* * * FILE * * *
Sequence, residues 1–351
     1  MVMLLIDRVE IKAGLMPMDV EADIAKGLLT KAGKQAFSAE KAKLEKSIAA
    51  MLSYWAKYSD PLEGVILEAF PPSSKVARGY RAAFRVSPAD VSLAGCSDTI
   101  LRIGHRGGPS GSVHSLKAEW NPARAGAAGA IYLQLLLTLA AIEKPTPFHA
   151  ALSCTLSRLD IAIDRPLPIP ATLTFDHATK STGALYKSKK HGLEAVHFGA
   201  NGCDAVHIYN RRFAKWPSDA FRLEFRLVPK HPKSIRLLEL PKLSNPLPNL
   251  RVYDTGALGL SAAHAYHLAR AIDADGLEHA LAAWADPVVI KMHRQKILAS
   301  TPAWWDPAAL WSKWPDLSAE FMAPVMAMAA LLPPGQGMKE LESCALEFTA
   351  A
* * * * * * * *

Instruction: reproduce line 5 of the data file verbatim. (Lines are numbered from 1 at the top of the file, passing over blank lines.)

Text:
   151  ALSCTLSRLD IAIDRPLPIP ATLTFDHATK STGALYKSKK HGLEAVHFGA